I signed up to help with last Saturday’s onsite packet pick-up at the Veterans Day 10k in West Potomac Park. It was the same course I ran in early October for the Run for the Parks 10k, so runners could expect fast, flat, a little bit boring and if windy, a potentially brutal course. The weather gods smiled on this event though. It was sunny and the temperature hovered around the 50s – not half bad for early November!

I had to leave my apartment a little after 6 to get to the start of packet pick-up on time, so without a car and the metro closed, my only option was to bike over. It was still a bit dark when I took off, so I was very thankful my Dad helped me install blinking lights on the front and back of my bike when he was in town a couple weeks ago. I also sported a Nathan blinking reflective vest just for good measure. I’m pretty sure anyone could see me from a mile away!

Things started off slow with a few early birds there to grab their race bib and t-shirts right at 6:30, but quickly picked up steam as we got closer to 7. The hour before the race started was a blur. The lines were constant and we were all moving as quickly as we could to make sure all the runners were ready to toe the starting line by the 8 a.m. start time.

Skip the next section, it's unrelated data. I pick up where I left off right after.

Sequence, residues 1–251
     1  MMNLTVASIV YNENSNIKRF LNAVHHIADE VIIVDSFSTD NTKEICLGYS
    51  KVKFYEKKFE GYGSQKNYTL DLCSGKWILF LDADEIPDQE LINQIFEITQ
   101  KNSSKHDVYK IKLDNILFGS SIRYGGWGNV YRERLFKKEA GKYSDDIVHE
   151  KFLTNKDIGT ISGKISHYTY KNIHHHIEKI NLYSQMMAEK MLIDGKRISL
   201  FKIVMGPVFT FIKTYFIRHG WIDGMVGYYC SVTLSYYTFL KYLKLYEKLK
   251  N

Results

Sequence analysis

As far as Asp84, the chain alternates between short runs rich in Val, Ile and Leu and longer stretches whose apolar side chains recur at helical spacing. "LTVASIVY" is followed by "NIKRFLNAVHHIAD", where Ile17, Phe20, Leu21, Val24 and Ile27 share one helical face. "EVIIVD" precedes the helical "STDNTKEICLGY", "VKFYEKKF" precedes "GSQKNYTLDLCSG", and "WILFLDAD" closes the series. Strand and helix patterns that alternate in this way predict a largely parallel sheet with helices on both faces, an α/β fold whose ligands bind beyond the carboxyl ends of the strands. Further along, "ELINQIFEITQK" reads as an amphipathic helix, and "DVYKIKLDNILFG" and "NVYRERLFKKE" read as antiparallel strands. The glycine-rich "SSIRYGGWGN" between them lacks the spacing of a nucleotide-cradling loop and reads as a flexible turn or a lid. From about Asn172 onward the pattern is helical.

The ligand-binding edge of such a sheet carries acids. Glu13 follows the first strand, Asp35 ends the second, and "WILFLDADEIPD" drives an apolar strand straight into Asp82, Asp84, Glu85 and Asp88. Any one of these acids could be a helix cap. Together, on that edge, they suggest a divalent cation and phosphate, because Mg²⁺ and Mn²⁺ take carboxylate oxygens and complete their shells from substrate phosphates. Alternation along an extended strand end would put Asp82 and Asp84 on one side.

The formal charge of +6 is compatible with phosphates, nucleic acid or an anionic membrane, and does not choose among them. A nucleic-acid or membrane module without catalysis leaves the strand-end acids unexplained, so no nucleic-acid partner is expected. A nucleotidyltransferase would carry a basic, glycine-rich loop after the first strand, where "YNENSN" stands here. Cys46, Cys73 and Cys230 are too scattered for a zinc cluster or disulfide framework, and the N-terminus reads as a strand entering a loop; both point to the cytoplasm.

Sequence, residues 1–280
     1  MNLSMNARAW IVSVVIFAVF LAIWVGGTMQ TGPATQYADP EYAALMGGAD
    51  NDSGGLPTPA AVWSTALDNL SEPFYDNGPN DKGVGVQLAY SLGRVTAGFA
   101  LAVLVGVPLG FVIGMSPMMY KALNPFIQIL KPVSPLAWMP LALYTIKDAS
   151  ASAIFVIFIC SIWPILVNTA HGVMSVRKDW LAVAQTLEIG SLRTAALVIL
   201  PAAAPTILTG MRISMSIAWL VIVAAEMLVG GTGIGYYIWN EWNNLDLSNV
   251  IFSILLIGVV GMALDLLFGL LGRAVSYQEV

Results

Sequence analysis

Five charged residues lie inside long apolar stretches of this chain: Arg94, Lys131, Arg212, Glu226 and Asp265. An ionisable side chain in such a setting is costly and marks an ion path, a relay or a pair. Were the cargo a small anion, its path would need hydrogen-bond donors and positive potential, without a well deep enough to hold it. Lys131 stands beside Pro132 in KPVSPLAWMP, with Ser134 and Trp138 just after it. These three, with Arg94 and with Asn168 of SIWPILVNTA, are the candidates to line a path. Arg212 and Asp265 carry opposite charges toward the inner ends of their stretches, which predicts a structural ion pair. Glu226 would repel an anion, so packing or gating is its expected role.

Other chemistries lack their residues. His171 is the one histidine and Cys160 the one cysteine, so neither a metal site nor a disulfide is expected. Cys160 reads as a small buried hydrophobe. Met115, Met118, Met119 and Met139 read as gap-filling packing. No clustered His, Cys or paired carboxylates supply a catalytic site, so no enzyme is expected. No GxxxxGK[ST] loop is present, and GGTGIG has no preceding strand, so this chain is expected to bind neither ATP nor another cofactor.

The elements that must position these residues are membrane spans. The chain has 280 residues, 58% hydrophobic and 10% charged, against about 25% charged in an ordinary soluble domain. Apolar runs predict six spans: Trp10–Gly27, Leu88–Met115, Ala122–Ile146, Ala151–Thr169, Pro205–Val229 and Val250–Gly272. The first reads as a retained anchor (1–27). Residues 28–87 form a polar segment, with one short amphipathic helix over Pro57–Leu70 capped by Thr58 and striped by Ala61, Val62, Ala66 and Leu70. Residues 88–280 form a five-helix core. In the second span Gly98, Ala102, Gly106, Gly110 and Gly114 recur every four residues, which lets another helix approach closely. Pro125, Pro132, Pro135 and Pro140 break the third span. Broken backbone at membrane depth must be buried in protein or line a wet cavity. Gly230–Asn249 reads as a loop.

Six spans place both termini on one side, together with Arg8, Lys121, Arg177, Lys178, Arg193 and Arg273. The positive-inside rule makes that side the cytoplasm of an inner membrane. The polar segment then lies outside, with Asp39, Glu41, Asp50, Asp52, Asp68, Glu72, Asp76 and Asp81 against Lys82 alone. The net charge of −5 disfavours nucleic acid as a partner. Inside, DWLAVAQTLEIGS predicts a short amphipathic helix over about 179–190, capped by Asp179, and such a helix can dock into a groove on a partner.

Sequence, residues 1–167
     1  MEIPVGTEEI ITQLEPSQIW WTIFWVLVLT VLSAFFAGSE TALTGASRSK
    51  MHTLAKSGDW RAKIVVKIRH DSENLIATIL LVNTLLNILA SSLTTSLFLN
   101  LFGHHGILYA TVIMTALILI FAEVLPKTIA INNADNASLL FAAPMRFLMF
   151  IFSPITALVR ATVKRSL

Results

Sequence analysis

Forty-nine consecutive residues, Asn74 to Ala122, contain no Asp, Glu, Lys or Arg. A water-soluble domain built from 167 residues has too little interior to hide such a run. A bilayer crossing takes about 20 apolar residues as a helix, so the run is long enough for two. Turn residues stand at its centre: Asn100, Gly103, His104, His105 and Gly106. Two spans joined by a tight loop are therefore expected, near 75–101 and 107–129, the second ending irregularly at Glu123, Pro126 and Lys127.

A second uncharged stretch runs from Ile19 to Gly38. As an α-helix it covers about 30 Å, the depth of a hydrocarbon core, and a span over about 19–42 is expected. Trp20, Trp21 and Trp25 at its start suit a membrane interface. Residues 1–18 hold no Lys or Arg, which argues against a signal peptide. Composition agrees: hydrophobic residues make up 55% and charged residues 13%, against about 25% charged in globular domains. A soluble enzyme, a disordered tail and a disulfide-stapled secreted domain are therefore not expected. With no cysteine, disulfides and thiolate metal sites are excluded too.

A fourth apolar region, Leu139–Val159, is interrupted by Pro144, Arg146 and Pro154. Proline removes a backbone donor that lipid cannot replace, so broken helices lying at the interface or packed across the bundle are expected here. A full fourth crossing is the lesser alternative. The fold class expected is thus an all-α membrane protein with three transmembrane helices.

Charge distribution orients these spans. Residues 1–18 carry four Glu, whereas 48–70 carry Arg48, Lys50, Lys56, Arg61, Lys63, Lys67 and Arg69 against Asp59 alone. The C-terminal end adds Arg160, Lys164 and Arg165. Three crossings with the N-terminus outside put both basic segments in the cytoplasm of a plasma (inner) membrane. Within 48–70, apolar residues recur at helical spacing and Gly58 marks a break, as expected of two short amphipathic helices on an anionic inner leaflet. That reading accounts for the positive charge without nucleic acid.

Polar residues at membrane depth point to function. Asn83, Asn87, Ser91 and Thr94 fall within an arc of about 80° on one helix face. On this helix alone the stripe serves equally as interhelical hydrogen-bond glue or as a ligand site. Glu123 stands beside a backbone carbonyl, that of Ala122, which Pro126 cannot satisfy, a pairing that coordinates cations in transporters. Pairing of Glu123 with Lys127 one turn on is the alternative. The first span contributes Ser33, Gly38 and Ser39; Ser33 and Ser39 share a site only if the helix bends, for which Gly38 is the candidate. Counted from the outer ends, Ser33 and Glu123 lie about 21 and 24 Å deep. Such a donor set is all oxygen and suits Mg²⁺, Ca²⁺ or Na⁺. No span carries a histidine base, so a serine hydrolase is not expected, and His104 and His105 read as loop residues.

A handful of us were stationed at computers looking up runners by their name. I love Pacers’ system of assigning the race number at packet pick-up rather than having to search through a pile of numbers to pull the right one. I would simply find the runners name, grab the next bib in my pile and type that number in to assign it to them. Several others behind us at the computers hustled back and forth as we yelled out t-shirt sizes making sure to retrieve the right one for us.